NEW YORK -- A federal judge declined yesterday to rescind an order barring reporters from publishing the names of jurors in the retrial of former star investment banker Frank Quattrone, media lawyers said.
US District Judge Richard Owen noted that the recent trial of two former Tyco International Ltd. executives had been "blown to smithereens" after some newspapers published the name of a juror, said Lynn Oberlander, a lawyer for Forbes Inc.
While the media traditionally do not name jurors during a trial, news organizations had asked Owen to reconsider his order, claiming it violated the First Amendment.
David Schulz, another lawyer for the news organizations, said none of his clients had expressed any intention of publishing a juror name in the Quattrone retrial; they were simply arguing on constitutional grounds, he said.
The judge heard from media lawyers yesterday afternoon in his private robing room, leaving reporters to rely on a summary of the session from lawyers and a transcript to be published later.
Owen did agree to have two reporters attend private conferences in the robing room during jury selection, Schulz said. Jury selection began Tuesday and continued yesterday.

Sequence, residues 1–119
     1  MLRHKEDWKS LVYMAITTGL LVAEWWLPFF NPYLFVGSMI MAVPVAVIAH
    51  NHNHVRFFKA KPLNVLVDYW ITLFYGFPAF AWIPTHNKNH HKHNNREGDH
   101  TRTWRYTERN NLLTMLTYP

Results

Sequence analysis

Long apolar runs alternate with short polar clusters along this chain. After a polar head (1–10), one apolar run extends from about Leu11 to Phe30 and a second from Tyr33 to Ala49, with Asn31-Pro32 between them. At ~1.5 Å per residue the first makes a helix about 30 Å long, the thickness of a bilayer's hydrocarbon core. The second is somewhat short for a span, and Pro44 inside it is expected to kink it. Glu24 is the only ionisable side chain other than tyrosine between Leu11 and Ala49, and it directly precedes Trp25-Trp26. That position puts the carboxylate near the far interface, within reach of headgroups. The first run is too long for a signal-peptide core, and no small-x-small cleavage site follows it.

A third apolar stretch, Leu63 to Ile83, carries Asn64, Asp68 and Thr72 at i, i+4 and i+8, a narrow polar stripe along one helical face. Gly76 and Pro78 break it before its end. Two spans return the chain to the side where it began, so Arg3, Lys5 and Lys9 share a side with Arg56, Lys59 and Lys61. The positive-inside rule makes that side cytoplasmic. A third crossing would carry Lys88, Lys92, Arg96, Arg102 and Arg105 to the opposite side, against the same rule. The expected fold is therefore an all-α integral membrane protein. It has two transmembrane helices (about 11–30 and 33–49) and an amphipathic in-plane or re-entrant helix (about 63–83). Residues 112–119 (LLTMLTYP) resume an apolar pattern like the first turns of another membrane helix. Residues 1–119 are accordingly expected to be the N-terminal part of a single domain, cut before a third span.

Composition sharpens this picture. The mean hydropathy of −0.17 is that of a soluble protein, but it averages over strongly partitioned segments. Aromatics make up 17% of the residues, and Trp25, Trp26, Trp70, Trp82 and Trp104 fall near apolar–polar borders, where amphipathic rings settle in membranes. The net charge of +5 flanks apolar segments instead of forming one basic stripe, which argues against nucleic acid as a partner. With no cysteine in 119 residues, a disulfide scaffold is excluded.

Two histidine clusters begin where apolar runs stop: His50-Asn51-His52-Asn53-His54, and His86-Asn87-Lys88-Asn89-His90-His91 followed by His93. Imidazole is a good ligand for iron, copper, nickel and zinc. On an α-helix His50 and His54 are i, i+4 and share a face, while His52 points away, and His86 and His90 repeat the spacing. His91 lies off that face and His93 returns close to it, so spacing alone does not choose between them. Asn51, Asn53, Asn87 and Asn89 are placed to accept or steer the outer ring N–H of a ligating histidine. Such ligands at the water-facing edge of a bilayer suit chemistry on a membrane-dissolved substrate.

Quattrone, whose first trial ended in a hung jury last October, is charged with obstruction of justice and witness tampering for a Dec. 5, 2000, e-mail that urged employees at Credit Suisse First Boston bank to destroy some files.
At the time, the government was looking into how CSFB doled out shares of hot new-to-market stocks. Quattrone claims he was following the bank's policy, which called for regular destruction of some documents.
Quattrone was an industry star at CSFB, making as much as $120 million a year. He took technology companies like Amazon.com and Netscape Communications Corp. public for various banks.
Owen's original order, issued Tuesday from the bench, barred publication of the name of any prospective or selected juror in Quattrone's retrial "until further order of this court."
The Associated Press joined The New York Times Co., Bloomberg LP, Dow Jones & Co., Forbes, NBC, Reuters, the San Jose (Calif.) Mercury News, and Newsday in opposing the order.
In a letter to the judge yesterday, Schulz wrote, "Nothing has occurred to date in this case to suggest that extraordinary measures are needed to prevent publication of the names of prospective jurors."
Yesterday, Owen went further, ordering reporters not to discuss the case in the courtroom if they know they are sitting close to a prospective juror. The judge said a prospective juror on Tuesday had gotten "involved in some kind of a conversation" with a reporter in the courtroom.
In the Tyco trial, a judge declared a mistrial after Juror number four -- who was holding out for acquittal of the two former executives -- reported receiving threats after she was named by some newspapers.